Friday, February 27, 2009

“‘Treehouse Club’ worked for me!”

Today, like every Friday, my students have an exam.

The topic this week--regular verb conjugations.

Remember those from your days of high school foreign language classes? I didn’t think so.

Don’t feel bad. Most of the non-foreign-language-speaking crowd can’t do it once they leave school. It’s what keeps the college instructors in a job.

Anyway, I decided several years ago that I really needed to find a way to get people to understand the mechanics of conjugation without making it seem all grammar-y. I know, I know. Grammar-y isn’t a word. Stay focused for chrissake! I spent quite a while thinking about how to teach an essential, inherently boring, element of grammar in a way that helps teenagers get the concept so they can actually use it to string sentences together? After a little trial and error, I decided to go with the greatest strength of the Wayfarer methodology of instructional practice.

I told them a story.

The abridged version of this story is given below. In class, I draw this out with effects and drama, and it always seems to capture their attention. Good stories should do that.

“When I was a kid, there was this tree that was next to a cliff. One day, you and I decided to build a treehouse in the tree. The one we built originally had one level, but we decided to build a second level so we each had our own floor. In reality, the treehouse didn’t last very long (for reasons that should be obvious based on the construction data you’ve been given), but the idea was a good one and we were kids, so there you are.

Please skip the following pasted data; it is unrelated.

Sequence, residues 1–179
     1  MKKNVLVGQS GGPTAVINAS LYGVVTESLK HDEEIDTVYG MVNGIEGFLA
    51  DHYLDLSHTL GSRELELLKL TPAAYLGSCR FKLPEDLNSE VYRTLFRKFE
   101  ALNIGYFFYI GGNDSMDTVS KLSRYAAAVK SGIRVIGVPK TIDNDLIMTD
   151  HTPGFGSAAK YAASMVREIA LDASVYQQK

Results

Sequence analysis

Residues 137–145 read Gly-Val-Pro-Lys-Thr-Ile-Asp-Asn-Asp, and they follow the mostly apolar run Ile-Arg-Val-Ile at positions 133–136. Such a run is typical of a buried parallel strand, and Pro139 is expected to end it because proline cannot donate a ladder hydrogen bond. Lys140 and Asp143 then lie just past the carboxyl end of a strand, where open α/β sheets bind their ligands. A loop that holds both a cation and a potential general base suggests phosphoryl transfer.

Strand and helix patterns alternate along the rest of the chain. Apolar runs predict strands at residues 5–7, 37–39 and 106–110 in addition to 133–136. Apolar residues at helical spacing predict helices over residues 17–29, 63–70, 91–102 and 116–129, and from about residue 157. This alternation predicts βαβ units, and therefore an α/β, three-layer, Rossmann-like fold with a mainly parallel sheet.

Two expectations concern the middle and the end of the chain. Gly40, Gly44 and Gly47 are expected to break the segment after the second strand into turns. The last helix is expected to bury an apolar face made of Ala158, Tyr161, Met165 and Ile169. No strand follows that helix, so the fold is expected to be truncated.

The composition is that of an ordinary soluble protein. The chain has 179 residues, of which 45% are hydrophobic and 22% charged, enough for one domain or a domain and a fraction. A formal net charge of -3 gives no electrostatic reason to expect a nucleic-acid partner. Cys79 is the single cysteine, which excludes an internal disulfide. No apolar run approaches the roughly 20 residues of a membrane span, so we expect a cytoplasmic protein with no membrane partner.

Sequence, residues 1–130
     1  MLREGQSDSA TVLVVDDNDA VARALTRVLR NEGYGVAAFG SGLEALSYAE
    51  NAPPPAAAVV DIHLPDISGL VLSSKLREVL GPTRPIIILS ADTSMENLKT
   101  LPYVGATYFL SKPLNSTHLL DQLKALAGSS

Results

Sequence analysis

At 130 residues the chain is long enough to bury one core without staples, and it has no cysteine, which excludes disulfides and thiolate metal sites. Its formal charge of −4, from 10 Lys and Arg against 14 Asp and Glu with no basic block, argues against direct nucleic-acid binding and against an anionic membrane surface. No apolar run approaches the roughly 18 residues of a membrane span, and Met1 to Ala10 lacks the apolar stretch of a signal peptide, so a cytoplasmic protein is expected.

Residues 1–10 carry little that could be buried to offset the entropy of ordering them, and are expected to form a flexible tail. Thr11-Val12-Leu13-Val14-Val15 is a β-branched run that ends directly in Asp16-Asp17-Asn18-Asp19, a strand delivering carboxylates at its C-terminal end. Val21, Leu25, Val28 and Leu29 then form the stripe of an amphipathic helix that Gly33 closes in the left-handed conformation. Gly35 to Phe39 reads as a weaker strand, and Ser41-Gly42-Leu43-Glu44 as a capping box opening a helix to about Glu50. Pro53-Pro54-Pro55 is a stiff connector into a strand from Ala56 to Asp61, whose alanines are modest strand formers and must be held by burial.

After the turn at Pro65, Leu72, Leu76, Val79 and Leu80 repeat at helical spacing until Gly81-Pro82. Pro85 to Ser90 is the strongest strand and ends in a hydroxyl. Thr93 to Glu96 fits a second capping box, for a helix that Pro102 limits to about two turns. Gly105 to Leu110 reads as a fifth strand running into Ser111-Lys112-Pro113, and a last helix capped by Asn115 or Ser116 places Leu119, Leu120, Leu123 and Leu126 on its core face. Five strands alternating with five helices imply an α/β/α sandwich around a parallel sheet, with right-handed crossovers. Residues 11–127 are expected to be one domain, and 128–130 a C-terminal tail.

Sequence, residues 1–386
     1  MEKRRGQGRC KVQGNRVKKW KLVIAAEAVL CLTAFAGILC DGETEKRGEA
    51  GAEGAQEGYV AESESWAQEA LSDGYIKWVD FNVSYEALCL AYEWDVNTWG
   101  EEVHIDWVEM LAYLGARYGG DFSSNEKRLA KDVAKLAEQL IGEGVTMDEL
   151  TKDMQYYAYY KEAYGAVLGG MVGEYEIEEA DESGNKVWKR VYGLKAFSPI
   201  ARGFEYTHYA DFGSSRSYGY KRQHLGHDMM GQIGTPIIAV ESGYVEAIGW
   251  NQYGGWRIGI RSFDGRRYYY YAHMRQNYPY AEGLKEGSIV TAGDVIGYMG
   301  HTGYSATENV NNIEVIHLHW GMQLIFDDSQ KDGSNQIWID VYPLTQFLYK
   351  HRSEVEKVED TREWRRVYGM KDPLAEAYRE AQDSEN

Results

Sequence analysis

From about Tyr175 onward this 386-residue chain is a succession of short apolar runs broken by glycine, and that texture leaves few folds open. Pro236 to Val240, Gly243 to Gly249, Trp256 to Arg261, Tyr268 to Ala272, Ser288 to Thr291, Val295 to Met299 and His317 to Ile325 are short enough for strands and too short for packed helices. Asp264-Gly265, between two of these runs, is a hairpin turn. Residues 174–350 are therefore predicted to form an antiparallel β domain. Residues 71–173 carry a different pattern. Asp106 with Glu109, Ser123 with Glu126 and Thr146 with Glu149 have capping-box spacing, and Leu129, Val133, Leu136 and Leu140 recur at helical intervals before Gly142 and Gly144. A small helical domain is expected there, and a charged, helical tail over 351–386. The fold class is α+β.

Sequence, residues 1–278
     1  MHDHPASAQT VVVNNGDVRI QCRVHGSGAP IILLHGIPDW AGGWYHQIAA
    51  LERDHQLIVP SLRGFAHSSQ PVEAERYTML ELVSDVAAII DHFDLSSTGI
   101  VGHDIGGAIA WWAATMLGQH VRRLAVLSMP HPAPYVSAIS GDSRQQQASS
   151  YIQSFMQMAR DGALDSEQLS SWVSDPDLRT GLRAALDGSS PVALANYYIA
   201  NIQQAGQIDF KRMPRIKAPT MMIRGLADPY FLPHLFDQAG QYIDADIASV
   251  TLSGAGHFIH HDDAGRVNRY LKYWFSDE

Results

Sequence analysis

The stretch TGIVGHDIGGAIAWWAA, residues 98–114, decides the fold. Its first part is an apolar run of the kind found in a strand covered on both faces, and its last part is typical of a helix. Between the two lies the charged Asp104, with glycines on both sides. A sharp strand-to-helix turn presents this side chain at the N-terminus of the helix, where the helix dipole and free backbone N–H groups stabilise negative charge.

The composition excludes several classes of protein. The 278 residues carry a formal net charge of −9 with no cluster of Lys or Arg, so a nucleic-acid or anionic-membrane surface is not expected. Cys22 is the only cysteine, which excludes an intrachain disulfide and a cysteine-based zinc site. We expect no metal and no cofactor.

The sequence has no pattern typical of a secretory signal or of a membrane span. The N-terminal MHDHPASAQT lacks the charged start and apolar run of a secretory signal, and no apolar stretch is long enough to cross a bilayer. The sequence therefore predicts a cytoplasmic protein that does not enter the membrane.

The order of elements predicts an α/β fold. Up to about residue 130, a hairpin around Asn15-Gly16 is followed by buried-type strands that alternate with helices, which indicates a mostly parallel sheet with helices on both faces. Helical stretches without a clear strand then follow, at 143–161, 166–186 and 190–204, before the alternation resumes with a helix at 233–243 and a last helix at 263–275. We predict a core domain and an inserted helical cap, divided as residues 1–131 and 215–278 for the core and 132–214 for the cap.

I got to be the President of the Treehouse Club. Why? Well, it was my wood, my hammer and nails (ok, it was my dad’s but let’s not worry about the details), and it was my power cord being used to provide power to the television (see picture below). As president, I get to have the top floor of the treehouse, and I get the television and the foosball table (not illustrated for reasons of pure laziness).”

I point to one student. “Congratulations, Pat, you have been appointed Vice-President of the Treehouse Club. You get the second, lower level and with it, all the magazines, board games and the portable radio.

You’ll notice that the treehouse is built more to one side of the tree than the other. We could only build out so far on the cliff side, so we thought it would be a good idea to add extra space on the other to make up for it (Frank Lloyd Wright would have given us points for originality). On the cliff side, the treehouse was only big enough for one person to fit. I put my presidential suite on that side, on my floor of the treehouse. You did the same with your vice-presidential suite.

We made a few basic rules shortly after we finished the treehouse. We said that we could only go onto each other’s level if the other were there with us (this was to prevent unauthorized use of the television or theft of the board games). We could invite people up into the treehouse, but only to our own levels. Furthermore, no one was allowed into the treehouse unless we were there.”

At this point, there is usually some argument about whether this story has any basis in reality at all, or whether the rules were as inane as they sounded. There is also some discussion about how cool treehouses (and treehouse clubs) are, and how, if we had a treehouse at our school, we could have class in it. It always takes a minute to get the focus back.